Refined Carbohydrates: What They Are, Why They Are So Unhealthy, and How To Eat Less of Them

In recent years there has been a lot of talk about how bad carbohydrates are for you. Low-carb diets (such as the South Beach, Atkins, or paleo diet) or even no-carb diets have become popular. However, it isn’t so much carbohydrates themselves that are bad for you, it’s specifically refined carbohydrates.

Refined carbohydrates are those made from grain which has had the bran and wheat germ stripped from it. Unfortunately, the bran and wheat germ takes with them most of what makes grain healthy. Once refined, the grain is no longer whole, and no longer has many nutrients. The large amounts of fiber once present are lost, as well most minerals and vitamins.

Sadly, refined carbohydrates play a huge role in the typical modern diet in Western countries. The biggest culprit might be white bread, which is hugely popular in sandwiches and on its own. Chips are another big problem, as are many sweets, including cookies, donuts, and cake. Other popular refined carbohydrates include pasta and white rice.

But how exactly are refined carbs bad for you? Unfortunately, in a variety of ways. The refining process means the loss of the fiber, minerals, and vitamins that made the grain nutritious. Practically all that’s left is starch, which is digested very quickly.

This rapid digestion leads to a spike in insulin and blood sugar levels. This contributes to fat storage and weight gain. Worse, over time these spikes lead to insulin insensitivity, which can culminate in diabetes. High blood sugar and insulin resistance can lead to heart disease as well.

Refined carbs aren’t even a good source of energy. When blood sugar levels collapse after initially spiking, hunger returns. Instead of long-lasting satiation, a person is likely to eat again just a few hours after consuming refined carbs. This obviously encourages overeating. Refined carbs have also been linked to increased inflammation.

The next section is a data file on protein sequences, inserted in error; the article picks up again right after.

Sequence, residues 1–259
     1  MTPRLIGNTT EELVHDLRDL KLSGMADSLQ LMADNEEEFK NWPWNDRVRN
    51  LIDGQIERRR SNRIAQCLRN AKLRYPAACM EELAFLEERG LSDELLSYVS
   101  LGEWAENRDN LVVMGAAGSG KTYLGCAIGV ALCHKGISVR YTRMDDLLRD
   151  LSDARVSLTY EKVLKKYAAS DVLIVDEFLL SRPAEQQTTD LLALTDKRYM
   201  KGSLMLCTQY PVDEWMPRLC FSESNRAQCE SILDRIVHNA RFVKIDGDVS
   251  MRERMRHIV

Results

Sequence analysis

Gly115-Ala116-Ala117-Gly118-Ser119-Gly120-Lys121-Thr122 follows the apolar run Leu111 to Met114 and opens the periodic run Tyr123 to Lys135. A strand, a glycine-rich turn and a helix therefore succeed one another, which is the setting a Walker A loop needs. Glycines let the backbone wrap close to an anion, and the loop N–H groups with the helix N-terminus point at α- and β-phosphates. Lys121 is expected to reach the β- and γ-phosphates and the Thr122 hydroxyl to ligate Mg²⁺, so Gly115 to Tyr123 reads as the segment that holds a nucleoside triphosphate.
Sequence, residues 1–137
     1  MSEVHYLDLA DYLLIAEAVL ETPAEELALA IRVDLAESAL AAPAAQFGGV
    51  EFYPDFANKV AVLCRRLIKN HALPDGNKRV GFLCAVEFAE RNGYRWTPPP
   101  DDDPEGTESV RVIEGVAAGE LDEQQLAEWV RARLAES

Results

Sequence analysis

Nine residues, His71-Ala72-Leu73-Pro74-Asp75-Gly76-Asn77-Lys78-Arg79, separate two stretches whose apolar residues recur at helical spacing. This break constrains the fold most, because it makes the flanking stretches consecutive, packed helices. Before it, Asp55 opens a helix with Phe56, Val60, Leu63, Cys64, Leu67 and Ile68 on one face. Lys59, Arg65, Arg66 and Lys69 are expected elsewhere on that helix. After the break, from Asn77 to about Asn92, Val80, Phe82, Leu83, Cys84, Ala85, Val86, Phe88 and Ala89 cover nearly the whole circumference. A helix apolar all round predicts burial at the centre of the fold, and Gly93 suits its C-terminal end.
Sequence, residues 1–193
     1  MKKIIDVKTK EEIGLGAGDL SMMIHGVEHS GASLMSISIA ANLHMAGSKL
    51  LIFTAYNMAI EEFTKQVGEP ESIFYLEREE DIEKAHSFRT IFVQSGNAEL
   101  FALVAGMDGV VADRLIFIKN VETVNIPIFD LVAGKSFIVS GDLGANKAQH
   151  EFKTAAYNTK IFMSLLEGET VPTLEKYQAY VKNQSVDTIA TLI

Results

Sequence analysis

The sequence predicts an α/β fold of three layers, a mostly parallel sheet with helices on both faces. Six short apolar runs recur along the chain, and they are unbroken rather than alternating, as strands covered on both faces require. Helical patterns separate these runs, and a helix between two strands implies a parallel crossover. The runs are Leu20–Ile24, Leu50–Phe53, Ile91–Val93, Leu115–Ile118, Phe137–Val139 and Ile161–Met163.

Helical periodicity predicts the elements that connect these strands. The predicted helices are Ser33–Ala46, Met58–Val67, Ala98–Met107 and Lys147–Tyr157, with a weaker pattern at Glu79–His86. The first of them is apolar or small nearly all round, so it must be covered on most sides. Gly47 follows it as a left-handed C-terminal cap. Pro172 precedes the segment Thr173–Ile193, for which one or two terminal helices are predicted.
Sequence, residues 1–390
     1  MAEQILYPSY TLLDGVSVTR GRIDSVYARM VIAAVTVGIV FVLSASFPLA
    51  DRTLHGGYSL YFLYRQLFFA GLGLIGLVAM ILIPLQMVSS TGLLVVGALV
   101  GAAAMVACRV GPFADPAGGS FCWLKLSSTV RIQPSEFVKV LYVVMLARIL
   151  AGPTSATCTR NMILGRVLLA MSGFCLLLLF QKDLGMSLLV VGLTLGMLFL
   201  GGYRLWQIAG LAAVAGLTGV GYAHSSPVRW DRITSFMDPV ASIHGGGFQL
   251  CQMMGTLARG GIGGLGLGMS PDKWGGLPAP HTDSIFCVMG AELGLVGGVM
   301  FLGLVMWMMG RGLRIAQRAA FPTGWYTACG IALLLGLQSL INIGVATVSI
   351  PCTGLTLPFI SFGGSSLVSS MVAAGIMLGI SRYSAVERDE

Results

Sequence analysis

To sum up, refined carbs have virtually no benefit, but plenty of downside. Consuming a lot of refined carbs generally results in a high-carb, low-fiber diet, which is terrible for health. Getting too little fiber can lead to digestion problems and increases risk for obesity, diabetes, and heart disease.

You don’t have to buy into the theory that all carbs are bad to benefit from an understanding of the truth that refined carbs are certainly unhealthy. Nor do you have to cut out refined carbs entirely. That would probably be asking too much from yourself. Instead of achieving your goal, you would be more likely to make no improvement at all. A more reasonable approach is simply to cut down on consumption of refined carbs.

Luckily, reducing the amount of refined carbs you eat is eminently doable. With some foods, replacing an unhealthy refined carb version with a more nutritious alternative is the best approach. For example, replace white bread with whole-wheat bread. Do the same with pasta, crackers, and cereal, all of which can be made with whole grains. With other foods, the better strategy is to heavily reduce how much you consume. Cookies, cake, and the like would fall under this category — most sweets can’t really be made without refined carbs, so there is no healthy version.

Bottom line: refined carbohydrates are not at all good for you. Any amount you can reduce your consumption of refined carbs will be beneficial. Doing so will be a challenge due to how firmly refined carbs have become ensconced in the typical modern diet, but will be well worth effort.